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An aspect of decluttering that often gets overlooked

posted Sep 2, 2018, 5:24 PM by Ann Lee

We often think of decluttering as focusing on the material objects in our lives, but a part of decluttering that can have a bigger impact on your health is, removing people in your life that bring in negative energy.  Of course, it is easier to say than do if that involves family, so you will have to work on setting boundaries with the people in your life that you can't remove, to allow for healthier relationships.

Making travel healthier

posted Aug 4, 2018, 11:48 AM by Ann Lee   [ updated Aug 4, 2018, 11:52 AM ]

Affected by news?

posted Jun 20, 2018, 11:34 AM by Ann Lee

If you find yourself physically or emotionally affected by listening to or watching the news, it may be beneficial for your health to avoid this as part of your daily routine. You can just do focused internet searches of trends you want to keep up with, hopefully from sources that are more positive.

Different styles of meditation

posted Apr 25, 2018, 3:31 PM by Ann Lee

- Breathing meditation: Focus on controlling inhales and exhales.  Longer exhales are calming, and longer inhales are energizing
- Bubble meditation: Take a deep breath in, and with a steady exhale, blow as many bubbles as you can letting the exhale release any tension you are holding onto
- Focused meditation: Concentrate on any of your 5 senses such as counting beads, listening to a gong, staring at a candle flame.  If your mind wanders, simply bring it back to your practice to refocus
- Gazing meditation: Staring at a fixed object such as a stone, tree, lit candle, or something that holds personal meaning, starting with a short length of time to gradually increasing
- Guided visualization: Listening to a pre-recording which will guide you through the meditation on relaxing your mind and body or focusing on positive experiences
- Heart rhythm meditation: Focuses on the physical and emotional heart with conscious breathing to coordinate breath with the heartbeat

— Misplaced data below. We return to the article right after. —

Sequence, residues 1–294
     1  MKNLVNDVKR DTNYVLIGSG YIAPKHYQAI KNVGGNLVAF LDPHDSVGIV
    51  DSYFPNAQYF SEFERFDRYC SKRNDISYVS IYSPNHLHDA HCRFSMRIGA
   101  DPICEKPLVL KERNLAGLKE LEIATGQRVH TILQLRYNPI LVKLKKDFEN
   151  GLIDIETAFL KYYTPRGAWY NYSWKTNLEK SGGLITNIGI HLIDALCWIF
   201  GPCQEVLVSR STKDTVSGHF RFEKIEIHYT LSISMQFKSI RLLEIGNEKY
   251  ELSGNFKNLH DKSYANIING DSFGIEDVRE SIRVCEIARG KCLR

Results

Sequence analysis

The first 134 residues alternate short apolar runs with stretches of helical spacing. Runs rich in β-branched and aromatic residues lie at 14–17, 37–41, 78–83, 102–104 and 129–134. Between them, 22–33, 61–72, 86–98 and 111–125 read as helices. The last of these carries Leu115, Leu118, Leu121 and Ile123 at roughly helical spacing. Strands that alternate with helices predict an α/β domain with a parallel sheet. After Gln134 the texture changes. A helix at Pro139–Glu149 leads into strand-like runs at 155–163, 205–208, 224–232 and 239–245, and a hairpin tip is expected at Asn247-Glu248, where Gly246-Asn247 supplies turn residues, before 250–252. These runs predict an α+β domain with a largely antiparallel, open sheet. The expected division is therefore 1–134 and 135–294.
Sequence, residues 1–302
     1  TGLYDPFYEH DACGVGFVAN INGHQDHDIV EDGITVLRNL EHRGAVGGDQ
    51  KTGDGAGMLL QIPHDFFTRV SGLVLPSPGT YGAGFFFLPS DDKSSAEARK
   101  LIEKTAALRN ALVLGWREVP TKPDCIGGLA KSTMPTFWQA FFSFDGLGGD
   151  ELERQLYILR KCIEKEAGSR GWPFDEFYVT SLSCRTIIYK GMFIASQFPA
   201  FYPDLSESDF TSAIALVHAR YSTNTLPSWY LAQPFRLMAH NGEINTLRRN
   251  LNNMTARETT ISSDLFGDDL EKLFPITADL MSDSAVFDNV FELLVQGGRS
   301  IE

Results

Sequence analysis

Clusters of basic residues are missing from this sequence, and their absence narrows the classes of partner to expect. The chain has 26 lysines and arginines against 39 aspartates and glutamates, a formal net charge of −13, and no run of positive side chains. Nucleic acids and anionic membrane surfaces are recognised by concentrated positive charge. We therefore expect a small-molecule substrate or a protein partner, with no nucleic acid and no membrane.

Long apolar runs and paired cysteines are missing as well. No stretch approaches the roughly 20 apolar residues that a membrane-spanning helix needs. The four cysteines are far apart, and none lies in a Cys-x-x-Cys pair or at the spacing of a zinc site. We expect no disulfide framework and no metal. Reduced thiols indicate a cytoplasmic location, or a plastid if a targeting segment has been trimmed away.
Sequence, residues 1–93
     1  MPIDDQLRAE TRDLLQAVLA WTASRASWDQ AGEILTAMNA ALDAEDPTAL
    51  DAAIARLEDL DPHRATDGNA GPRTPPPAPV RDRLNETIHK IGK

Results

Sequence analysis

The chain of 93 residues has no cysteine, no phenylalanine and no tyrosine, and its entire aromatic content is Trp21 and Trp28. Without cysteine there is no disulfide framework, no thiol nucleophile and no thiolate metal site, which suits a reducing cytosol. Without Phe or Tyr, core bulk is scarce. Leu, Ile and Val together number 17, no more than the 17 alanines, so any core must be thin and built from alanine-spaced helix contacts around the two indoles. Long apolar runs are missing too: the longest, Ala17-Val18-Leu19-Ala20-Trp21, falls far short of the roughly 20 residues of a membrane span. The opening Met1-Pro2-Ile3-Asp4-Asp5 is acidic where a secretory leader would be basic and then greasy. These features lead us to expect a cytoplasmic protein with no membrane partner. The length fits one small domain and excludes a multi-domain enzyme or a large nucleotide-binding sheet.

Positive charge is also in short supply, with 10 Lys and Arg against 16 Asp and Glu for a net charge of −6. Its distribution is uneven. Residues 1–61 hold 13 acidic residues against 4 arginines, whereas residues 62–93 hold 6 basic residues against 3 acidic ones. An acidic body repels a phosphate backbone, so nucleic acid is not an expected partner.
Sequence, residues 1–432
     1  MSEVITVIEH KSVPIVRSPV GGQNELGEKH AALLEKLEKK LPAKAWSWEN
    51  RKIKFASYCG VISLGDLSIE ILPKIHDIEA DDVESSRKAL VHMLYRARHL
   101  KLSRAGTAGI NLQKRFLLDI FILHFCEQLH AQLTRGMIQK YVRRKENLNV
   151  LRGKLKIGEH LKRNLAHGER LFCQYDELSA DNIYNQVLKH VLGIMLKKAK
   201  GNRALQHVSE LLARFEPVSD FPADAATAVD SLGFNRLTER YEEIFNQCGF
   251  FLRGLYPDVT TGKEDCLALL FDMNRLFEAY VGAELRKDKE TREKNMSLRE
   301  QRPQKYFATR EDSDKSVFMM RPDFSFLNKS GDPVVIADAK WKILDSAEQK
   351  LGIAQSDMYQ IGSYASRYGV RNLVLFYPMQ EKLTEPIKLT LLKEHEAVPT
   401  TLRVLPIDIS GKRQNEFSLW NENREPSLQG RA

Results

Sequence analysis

- Lotus meditation: Visualize your heart as a lotus flower for a place of unconditional love
- Mantra meditation: Focus on a word, phrase, or sound by repeating aloud to help clear your mind
- Mindfulness meditation: Focus on your breathing and pay attention to the thoughts that pass through your mind without judging or becoming involved in them- just observe and take note of any patterns
- Standing meditation: Instead of sitting, stand in a relaxed posture with feet forward and shoulder width apart.  Mentally scan through your body to release tension
- Moving meditation: Meditate while you wash dishes, take a shower, or walk.  Slow down your daily activities to half-speed to be mindful and focus on your thoughts
- Dance meditation: Surrender to the rhythms of dance to help release tension and stir your own creativity
- Hand meditation: Notice the air touching your palms, fingers, and thumbs as you gently lift your hands into the air, imagining the energy field between your hands
- Qigong: Combining breathing techniques with low-impact exercise
- Tai Chi: Slow-motion movements to align the energy in the body and mind
- Walking meditation: Walk slowly with awareness to your posture and breathing deeply

Source: Circle+Bloom

Signs of heart issues

posted Apr 5, 2018, 4:12 PM by Ann Lee

Here are simple things to look for so you know if you need to be more proactive with preventing heart disease:
- diagonal creases on the earlobes is associated with atherosclerosis, where plaque builds up inside your arteries or even disease of the blood vessels in the brain
- yellow, fatty bumps, called xanthomas, that appear on the elbows, knees, buttocks or eyelids- commonly associated with familial hypercholesterolemia.  Cholesterol levels are so high that they become deposited in the skin and the arteries that supply the heart
- clubbed fingernails, where your nails change shape, become thicker and wider due to more tissue produced from blood not reaching the fingers properly so the cells produce a factor that promotes growth.
- halo around the iris, from fat deposits in the eye causing a grey ring around the outside of the iris.  It doesn't interfere with vision, but is associated with coronary heart disease.
- inflamed gums and loose teeth, as bad bacteria can enter the bloodstream through the mouth and cause inflammation in the blood vessels which can lead to heart disease